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SWR start point and market value on retirement

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SWR start point and market value on retirement

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michaelsmichaels Forumite
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So I imagine stock markets as following a slight upward line over time with lots of peaks and trough noise either side of the trend line.

If this is reasonable as a model then does that mean on retirement rather than taking say 4% of your ppt value on retirement you should take 4% of the trend fit line at that point. Eg if the market is 10% above trend then your starting withdrawal rate for whichever model you use should be based on a pot 10% smaller and vice versa if the market is below long term trend.

Are there any papers discussing this sort of approach to drawdown?

Thanks
I think....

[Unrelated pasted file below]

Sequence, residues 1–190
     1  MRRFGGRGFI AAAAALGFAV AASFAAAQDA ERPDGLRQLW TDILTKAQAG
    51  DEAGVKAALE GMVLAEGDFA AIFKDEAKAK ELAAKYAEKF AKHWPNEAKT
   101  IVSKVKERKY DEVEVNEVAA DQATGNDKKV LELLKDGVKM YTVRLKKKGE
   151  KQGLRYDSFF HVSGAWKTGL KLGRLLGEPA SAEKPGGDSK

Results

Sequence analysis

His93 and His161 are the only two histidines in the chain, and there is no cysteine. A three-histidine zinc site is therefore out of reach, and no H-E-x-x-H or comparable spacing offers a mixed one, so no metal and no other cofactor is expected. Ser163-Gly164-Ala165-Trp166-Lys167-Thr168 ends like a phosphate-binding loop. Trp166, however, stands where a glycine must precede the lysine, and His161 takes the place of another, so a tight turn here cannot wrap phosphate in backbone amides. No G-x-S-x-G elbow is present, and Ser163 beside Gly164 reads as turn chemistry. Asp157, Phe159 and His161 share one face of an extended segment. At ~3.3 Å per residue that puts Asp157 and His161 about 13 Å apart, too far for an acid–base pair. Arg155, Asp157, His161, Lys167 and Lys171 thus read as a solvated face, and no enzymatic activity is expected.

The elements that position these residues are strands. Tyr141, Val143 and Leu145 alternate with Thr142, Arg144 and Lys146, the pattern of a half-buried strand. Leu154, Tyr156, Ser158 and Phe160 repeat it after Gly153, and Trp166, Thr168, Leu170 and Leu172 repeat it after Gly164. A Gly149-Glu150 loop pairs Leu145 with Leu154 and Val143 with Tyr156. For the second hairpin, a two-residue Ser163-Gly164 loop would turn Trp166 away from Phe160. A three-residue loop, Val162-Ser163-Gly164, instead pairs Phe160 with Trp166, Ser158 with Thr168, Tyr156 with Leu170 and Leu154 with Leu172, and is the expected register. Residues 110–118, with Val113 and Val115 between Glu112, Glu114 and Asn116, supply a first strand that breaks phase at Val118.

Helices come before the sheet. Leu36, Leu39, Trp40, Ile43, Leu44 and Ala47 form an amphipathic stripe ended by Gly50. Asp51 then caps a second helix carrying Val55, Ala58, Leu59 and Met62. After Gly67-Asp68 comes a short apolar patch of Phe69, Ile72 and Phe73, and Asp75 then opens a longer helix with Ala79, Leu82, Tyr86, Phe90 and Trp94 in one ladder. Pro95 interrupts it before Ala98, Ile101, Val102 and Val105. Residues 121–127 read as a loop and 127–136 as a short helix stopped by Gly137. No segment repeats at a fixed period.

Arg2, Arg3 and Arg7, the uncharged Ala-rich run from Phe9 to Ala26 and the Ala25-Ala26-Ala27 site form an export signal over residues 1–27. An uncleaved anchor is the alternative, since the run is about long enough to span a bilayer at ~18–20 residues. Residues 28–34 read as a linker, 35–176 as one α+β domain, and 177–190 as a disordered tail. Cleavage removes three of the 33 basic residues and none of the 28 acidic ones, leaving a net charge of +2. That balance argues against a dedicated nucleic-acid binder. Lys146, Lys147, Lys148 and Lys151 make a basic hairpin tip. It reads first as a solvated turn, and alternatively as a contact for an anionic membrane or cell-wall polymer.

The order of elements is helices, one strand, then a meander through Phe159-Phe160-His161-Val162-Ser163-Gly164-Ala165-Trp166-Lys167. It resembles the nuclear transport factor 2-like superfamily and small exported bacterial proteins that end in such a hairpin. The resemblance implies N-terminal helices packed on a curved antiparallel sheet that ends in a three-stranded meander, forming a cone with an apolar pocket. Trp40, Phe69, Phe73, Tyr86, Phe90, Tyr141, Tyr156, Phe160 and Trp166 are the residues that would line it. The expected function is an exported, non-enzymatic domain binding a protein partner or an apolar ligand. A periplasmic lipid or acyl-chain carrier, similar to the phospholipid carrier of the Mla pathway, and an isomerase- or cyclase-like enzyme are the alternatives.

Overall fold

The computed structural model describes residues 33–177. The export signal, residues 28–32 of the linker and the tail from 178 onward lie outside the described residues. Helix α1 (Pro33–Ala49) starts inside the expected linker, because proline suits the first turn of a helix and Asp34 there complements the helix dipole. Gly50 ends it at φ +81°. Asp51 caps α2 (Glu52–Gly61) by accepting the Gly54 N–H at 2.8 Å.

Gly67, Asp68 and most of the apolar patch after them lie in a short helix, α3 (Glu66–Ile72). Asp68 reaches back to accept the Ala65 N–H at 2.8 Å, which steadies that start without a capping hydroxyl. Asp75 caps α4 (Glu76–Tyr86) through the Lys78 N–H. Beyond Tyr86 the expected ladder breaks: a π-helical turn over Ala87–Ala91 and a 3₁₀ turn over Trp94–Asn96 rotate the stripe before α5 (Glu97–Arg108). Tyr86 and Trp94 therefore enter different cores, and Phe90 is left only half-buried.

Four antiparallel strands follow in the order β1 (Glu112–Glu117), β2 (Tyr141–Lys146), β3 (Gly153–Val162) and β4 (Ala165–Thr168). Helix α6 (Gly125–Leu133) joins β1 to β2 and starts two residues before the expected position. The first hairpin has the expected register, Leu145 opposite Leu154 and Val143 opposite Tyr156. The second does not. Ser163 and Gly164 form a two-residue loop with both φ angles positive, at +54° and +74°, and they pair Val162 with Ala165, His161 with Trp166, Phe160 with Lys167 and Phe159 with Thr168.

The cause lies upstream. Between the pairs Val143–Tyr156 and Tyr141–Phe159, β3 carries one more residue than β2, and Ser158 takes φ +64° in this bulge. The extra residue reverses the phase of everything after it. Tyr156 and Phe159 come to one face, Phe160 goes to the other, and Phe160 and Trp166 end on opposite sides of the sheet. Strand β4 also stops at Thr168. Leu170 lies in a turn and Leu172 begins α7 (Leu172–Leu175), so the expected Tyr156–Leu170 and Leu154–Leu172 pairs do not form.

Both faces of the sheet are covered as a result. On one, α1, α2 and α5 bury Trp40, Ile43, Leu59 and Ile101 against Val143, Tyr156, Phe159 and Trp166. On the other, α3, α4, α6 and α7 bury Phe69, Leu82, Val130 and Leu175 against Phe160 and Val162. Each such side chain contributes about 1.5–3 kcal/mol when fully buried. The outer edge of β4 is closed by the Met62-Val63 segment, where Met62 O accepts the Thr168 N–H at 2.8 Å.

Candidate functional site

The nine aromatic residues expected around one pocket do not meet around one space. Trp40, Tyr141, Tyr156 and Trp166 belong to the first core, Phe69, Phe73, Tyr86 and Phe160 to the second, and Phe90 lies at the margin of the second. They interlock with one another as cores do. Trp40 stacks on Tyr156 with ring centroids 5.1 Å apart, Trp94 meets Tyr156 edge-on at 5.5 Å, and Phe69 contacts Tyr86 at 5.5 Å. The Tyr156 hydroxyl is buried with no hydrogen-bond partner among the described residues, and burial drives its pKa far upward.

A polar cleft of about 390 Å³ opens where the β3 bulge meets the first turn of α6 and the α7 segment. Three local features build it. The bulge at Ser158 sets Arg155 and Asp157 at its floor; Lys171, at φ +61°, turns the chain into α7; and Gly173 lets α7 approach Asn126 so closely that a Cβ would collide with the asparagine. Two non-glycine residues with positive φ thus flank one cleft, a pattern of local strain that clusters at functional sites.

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  • MarconMarcon Forumite
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    michaels wrote: »

    Are there any papers discussing this sort of approach to drawdown?

    No because it isn't really a feasible or sensible approach to take, given the unpredictable nature of the markets (especially in recent years) - and of course much depends on where your funds are invested.
  • edited 18 May 2019 at 2:28AM
    jamesdjamesd Forumite
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    edited 18 May 2019 at 2:28AM
    michaels wrote: »
    If this is reasonable as a model then does that mean on retirement rather than taking say 4% of your ppt value on retirement you should take 4% of the trend fit line at that point. Eg if the market is 10% above trend then your starting withdrawal rate for whichever model you use should be based on a pot 10% smaller and vice versa if the market is below long term trend.

    Are there any papers discussing this sort of approach to drawdown?
    Yes, to a degree, though you have it somewhat the wrong way around. The SWR is based on the worst case so if you see that markets are in good shape - down! - you can expect a higher withdrawal percentage to work. Three sets of writing to consider are:

    1. Guyton's sequence of returns risk taming approach, which varies asset allocation based on the cyclically adjusted price/earnings ratio.